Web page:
At a campaign rally for Republican front-runner Donald Trump on Thursday night, an audience member asked Trump when America would “get rid” of the Muslim “training camps” popping up around the country.
“We have a problem in this country — it’s called Muslims,” the man said. “We know our current president is one.”
“We have training camps growing where they want to kill us,” he continued. “That’s my question. When can we get rid of them?”
Rather than address the shaky foundation on which the “Muslim training camps” theory has been built, Trump dodged the man’s question. Trump also did not correct the falsehood that Obama is a Muslim, nor did he address the questioner calling American Muslims “a problem.”
“We’re going to be looking at a lot of different things, and a lot of people are saying that and saying that bad things are happening out there,” Trump said, before taking another question. “We’re going to be looking at that and plenty of other things.”
The belief of the existence of Muslim “training camps” around the US has been examined by far-right outlets and advocacy groups such as World Net Daily, Truth and Action, and Judicial Watch. (Judicial Watch is also a key player in the unfolding Hillary Clinton email controversy, and has successfully sued for records from Clinton’s tenure at the State Department.)
“Fears of ‘Muslim training camps’ have simmered on the far right for years, especially since the rise of the Islamic State,” The Washington Post’s Jenna Johnson wrote in summarizing the Trump exchange.
World Net Daily, for example, has alleged the FBI has knowledge of 22 such “training camps” within the US. The supposed camps, those who believe in such a conspiracy claim, are run by an organisation known as Muslims of the Americas (MOA), which they accuse of being a front group for the Pakistani terrorist organisation Jamaat ul-Fuqra.
Before it was dissolved as an official organisation in 2013 for operating under false pretenses, MOA — believed to have been founded by Pakistani cleric Mubarak Ali Gilani while he was on a trip to the US in 1980 — denied having anything to do with ul-Fuqra or the alleged jihadi training camps.
In 2014, The Muslims of America, Inc. (an offshoot of the dissolved MOA) sued the authors of a book called, “Twilight in America: the Untold Story of Islamist Terrorist Training Camps in America,” which accused MOA of training American Muslims for terrorist activity.
(The court ruled that The Muslims of America [TMOA] had no standing to sue over the alleged damage to MOA’s reputation, however, because TMOA is not MOA’s legal successor.)
Many of the book’s allegations are based on the claims of former NYPD undercover informant Ali Aziz, who says he spent eight years posing as a member of MOA.
Much of his testimony was recorded by one of the book’s authors, Martin Mawyer, who is also the founder of the conservative Christian Action Network (CAN). Mawyer published much of Aziz’s testimony on CAN’s website, where he outlined the “Islamic government” known as “Islamberg” that Aziz told him had been formed in Hancock, New York.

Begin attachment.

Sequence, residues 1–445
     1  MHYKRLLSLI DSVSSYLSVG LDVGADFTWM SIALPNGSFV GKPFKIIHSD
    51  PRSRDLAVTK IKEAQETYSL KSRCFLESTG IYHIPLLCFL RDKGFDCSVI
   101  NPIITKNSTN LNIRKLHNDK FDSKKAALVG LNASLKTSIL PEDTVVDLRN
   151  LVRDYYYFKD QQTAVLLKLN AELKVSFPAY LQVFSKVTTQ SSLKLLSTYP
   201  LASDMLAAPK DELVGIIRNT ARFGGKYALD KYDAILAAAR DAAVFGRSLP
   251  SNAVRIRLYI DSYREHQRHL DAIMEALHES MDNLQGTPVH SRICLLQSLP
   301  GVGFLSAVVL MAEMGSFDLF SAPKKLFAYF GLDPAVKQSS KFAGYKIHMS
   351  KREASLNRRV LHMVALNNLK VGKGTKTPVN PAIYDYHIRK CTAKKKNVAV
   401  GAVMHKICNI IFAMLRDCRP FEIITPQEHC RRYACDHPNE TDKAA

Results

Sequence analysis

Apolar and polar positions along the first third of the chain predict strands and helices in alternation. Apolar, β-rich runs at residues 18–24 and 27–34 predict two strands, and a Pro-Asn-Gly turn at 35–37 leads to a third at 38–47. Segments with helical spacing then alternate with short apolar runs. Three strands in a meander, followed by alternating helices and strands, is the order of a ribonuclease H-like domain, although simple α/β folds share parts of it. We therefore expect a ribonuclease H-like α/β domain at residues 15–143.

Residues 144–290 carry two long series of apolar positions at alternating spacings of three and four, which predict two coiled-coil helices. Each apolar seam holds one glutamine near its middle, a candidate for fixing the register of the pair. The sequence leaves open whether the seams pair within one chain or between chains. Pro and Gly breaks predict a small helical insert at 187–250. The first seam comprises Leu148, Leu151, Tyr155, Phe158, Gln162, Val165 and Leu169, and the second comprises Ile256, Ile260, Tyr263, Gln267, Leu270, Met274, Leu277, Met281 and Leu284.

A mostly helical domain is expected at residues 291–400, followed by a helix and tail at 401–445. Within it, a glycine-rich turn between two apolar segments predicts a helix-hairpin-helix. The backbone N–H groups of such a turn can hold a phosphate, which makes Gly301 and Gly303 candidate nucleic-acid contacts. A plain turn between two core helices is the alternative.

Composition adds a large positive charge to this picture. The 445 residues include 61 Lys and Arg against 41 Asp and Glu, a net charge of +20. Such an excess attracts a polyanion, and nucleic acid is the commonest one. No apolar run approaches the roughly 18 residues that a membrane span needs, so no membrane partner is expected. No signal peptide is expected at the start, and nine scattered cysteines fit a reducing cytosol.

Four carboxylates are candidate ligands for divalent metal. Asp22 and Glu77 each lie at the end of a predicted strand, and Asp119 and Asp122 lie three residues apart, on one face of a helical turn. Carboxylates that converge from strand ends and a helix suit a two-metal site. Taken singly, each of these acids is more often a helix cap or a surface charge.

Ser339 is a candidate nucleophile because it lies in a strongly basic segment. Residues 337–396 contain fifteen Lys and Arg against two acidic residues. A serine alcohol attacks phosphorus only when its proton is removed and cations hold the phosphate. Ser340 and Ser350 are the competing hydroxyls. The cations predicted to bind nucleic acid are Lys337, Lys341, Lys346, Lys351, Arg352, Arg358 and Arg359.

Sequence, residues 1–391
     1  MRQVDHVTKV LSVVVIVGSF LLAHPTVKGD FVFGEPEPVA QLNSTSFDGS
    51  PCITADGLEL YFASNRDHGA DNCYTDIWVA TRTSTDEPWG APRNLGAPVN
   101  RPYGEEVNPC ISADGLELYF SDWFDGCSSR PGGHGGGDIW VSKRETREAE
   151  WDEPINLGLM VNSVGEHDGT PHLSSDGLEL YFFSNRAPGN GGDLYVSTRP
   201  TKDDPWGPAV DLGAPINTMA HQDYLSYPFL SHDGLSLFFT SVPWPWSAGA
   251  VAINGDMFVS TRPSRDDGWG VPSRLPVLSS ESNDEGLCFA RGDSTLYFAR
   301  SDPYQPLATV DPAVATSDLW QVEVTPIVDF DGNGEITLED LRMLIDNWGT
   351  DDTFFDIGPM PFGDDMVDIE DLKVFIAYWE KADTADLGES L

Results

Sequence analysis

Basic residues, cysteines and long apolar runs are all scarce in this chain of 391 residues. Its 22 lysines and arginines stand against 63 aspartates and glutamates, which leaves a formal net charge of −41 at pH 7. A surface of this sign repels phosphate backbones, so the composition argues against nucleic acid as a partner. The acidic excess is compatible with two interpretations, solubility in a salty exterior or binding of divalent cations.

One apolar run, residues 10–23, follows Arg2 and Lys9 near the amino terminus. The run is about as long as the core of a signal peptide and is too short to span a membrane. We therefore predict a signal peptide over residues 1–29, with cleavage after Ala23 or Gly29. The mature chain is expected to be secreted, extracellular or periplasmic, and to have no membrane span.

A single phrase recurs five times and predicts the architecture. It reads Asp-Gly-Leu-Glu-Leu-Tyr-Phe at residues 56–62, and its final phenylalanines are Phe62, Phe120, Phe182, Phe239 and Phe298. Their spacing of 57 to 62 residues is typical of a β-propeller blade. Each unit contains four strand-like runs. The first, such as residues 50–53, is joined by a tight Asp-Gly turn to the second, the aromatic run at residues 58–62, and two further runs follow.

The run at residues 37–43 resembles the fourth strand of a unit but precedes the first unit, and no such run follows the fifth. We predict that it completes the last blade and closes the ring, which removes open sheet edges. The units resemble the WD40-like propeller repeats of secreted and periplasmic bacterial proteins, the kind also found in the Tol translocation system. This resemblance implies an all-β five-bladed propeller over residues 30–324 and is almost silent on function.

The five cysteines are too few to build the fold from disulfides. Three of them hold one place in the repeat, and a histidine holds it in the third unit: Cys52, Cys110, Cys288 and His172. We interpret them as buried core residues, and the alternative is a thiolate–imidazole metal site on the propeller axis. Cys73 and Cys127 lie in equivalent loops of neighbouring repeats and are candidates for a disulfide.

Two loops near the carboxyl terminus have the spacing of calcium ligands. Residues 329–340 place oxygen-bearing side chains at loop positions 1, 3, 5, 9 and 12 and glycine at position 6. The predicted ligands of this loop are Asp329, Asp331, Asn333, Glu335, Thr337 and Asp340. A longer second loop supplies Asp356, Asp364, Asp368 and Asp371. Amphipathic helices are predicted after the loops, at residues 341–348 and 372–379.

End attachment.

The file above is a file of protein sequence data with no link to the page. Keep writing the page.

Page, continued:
“The Town of Islamberg is a bold attempt by an Islamic community, located about 3 hours northwest of New York City, to set up its own city-state, with its own laws, its own government and even its own military,” Mawyer writes.
“As servants of Sheikh Gilani, they [the residents of Islamberg] live for a purpose that few Americans could ever grasp. They engage in crimes that feed money back to their Pakistani leader (such as selling drugs and committing welfare fraud) and the elite are chosen to train as “Soldiers of Allah” for the day of Jihad against the United States.”
The conspiracy theory leaked into mainstream news in October 2013, when Fox News aired a video taken by the conservative Clarion Project that appeared to show women receiving paramilitary training at Islamberg.
In 2014, the Clarion Project claimed to have discovered an offshoot of Islamberg in Texas after being tipped off by Aziz.
No reports of Muslim training camps, or the existence of “Islamberg” and its various offshoots, have ever been verified. The Clarion Project links to what it claims to be an FBI report detailing the activities of MOA in Houston, but the authenticity of the report cannot be confirmed.
“It’s kind of perplexing to us,”Craig Dumont, deputy sheriff of Delaware County, New York, was quoted by World Net Daily as saying earlier this year.
“All this recent media attention in regard to potential terrorist training camps and things that are going on there. We don’t see it. We just don’t find any of that to be valid at this time. … There are no active threats that we are aware of at this time.”
Neither MOA nor Jamaat ul-Fuqra has ever been designated a Foreign Terrorist Organisation by the State Department, though ul-Fuqra was mentioned in a 1998 Global Patterns of Terrorism report as an “Islamic sect that seeks to purify Islam through violence.”
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